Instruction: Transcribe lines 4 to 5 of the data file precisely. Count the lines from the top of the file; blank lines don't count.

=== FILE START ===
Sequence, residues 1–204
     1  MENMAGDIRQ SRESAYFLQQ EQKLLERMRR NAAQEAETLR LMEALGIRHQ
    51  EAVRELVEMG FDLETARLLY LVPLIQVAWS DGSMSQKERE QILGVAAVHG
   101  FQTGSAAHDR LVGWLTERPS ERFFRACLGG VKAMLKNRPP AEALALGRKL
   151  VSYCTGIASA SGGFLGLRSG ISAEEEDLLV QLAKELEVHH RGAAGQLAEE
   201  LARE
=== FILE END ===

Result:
   101  FQTGSAAHDR LVGWLTERPS ERFFRACLGG VKAMLKNRPP AEALALGRKL
   151  VSYCTGIASA SGGFLGLRSG ISAEEEDLLV QLAKELEVHH RGAAGQLAEE